With Iran’s regime sham presidential election a little over a month away, a movement to boycott the polls is gaining considerable momentum throughout the country. The dim prospects for voter turnout have even been acknowledged by Iranian state media outlets in recent weeks, with the daily newspaper Sharq noting that even the “most optimistic estimates” suggest a rate of participation between 40 and 60 percent. Mostaghel, another daily, reported on the same day that “without a doubt, 37 percent of eligible voters will not participate.”
If these assessments hold true, the Iranian regime could be on track for a new record low participation rate, exceeding the previous record set by parliamentary elections in February of last year. But even more importantly, there are no real elections in Iran and the candidates are all insiders whose careers, from beginning to end, are dependent upon fealty to the theocratic system and the supreme leader.
This point is the driving force behind the boycott movement, which is being led now as in years past by the MEK and the “Resistance units” that operate across Iranian society. Those groups of protesters staged demonstrations in at least 250 localities in April alone, as well as posting messages in public spaces urging citizens to boycott elections as a means of “voting for regime change.” These efforts have shown no signs of slowing down as the country enters the final stretch before the sham election.
Furthermore, disaffection with Rouhani’s eight-year administration has seemingly fueled the popular embrace of the protest movement – something that has been visible in numerous protests over the past several weeks. Pensioners, whose income is no longer sufficient to pay for life’s most basic necessities, have staged more than a dozen of their own protests spanning an ever greater number of cities, and some of the most recent demonstrations have been defined by chants of, “We will not vote anymore; we have heard too many lies.”
The same sentiment was expressed in late April by private investors whose savings were largely wiped out last year by a government scheme to inflate the value of the stock market, resulting in large returns for regime officials and other well-connected individuals who cashed out before the inevitable collapse. The protests in question took explicit aim at Rouhani and various senior members of the Iranian regime over their role in the scheme while also condemning the supreme leader’s supposed favorite presidential contender, Ebrahim Raisi, who presently serves as head of the judiciary.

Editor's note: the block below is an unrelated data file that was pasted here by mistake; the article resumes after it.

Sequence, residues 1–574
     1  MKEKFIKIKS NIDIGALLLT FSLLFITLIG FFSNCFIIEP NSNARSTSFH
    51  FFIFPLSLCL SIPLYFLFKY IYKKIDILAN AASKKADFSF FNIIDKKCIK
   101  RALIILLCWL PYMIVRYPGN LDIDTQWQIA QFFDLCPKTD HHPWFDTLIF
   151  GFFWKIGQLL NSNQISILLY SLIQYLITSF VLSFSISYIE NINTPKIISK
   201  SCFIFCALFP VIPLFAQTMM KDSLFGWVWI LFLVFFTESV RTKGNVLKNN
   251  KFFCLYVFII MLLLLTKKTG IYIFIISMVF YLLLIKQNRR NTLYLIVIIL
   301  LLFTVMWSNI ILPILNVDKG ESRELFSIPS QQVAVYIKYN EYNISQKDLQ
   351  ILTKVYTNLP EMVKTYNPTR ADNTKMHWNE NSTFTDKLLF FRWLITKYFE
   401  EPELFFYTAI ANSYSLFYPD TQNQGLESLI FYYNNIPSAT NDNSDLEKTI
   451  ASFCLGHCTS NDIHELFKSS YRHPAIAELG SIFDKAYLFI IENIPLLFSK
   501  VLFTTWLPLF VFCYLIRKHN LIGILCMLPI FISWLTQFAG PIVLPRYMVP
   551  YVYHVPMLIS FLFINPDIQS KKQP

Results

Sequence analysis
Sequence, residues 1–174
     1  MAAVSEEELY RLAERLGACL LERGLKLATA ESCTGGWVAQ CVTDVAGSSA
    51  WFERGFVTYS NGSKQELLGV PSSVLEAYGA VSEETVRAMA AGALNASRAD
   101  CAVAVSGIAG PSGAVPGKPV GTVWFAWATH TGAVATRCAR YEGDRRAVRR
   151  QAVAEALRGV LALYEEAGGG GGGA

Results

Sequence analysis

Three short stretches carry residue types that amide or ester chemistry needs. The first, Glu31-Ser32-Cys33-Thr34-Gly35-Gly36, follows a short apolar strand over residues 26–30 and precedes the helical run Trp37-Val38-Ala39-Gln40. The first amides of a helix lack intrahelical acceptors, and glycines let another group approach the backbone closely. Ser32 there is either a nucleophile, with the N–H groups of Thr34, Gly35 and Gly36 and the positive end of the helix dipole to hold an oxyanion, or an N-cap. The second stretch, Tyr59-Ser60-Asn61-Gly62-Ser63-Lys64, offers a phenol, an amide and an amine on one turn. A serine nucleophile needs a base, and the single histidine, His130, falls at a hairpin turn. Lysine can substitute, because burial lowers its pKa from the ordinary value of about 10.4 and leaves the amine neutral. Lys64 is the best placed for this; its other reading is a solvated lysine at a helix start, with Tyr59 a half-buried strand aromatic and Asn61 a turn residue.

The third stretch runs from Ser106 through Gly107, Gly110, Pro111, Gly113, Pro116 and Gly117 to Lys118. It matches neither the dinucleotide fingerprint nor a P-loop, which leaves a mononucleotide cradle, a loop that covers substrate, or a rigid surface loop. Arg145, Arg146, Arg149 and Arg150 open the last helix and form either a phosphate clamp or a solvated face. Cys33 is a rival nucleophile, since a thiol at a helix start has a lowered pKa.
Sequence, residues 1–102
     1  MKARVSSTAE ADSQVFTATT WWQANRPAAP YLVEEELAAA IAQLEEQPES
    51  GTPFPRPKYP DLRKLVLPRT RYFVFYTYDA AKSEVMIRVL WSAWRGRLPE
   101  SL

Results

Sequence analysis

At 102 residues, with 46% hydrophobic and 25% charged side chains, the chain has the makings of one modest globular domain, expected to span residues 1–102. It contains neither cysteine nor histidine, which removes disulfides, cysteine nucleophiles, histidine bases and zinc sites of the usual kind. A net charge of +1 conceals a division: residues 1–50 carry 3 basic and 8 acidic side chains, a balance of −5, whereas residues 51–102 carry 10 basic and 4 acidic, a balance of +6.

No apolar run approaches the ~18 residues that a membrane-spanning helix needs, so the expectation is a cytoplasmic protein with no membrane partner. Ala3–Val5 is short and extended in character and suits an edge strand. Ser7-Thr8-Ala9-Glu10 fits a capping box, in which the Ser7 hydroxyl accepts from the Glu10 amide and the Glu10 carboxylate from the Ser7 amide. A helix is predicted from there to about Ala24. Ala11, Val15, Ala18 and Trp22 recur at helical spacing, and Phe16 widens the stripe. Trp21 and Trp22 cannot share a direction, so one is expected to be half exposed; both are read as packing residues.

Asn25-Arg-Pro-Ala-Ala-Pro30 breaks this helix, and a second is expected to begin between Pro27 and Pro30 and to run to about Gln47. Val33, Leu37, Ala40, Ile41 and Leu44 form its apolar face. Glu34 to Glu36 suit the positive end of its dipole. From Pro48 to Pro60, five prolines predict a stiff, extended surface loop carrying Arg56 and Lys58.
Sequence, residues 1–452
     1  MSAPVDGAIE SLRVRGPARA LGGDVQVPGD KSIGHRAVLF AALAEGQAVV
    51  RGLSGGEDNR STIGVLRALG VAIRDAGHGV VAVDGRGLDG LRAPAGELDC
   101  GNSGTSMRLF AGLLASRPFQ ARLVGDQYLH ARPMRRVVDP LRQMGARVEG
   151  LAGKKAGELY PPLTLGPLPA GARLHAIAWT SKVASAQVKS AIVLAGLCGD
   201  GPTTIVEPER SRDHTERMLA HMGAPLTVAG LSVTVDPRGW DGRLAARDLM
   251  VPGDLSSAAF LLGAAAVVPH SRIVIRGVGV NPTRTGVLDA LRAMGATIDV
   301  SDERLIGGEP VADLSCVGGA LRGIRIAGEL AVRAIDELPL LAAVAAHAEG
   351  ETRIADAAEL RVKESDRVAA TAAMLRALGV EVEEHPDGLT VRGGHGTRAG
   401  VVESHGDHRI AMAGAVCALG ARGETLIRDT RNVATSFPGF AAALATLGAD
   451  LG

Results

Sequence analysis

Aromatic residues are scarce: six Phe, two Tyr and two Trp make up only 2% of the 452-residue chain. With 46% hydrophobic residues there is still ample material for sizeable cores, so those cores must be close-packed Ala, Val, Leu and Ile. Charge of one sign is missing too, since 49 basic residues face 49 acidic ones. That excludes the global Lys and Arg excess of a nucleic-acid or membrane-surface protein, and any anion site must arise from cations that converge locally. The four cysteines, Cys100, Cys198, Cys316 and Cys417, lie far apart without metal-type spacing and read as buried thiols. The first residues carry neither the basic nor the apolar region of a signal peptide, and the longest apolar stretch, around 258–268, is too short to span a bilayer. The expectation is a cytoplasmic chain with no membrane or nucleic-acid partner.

In his position, Raisi has also overseen the escalating crackdown on dissent since the start of nationwide uprisings at the end of 2017. The clear legal imbalance between ordinary citizens and government officials led the swindled investors to chant, “We’ve seen no justice; we won’t vote anymore.”
As this support for an electoral boycott grows, so does the regime’s anxiety about its potential to lead the Iranian activist community toward further unrest like that which defined the more than two years leading up to the parliamentary elections and the coronavirus pandemic. On April 25, the state-run newspaper Hamdeli, cautioned all presidential candidates over this situation. “Before we worry about the political consequences of low voter turnout, we should worry about the social consequences,” the article said before highlighting the legacy of the November 2019 uprising and the resulting crackdown.
Maryam Rajavi, the President-elect of the National Council of Resistance of Iran, similarly highlighted that legacy in a speech marking the start of the Iranian calendar year in March. Noting that there had just been major clashes between protesters and security forces, particularly in Sistan and Baluchistan Province, the Resistance leader predicted that “the fire of the uprisings” was emerging again from “the ashes of the coronavirus.”
In cities throughout Iran, Mrs. Rajavi’s image has accompanied the messages urging an electoral boycott. In this way, Resistance units have reminded supporters of the movement that once they “vote for regime change,” there will be a transitional government ready to take the place of a government whose twin factions currently offer no possibility of change in the policies that have harmed the Iranian public in various ways for more than 40 years.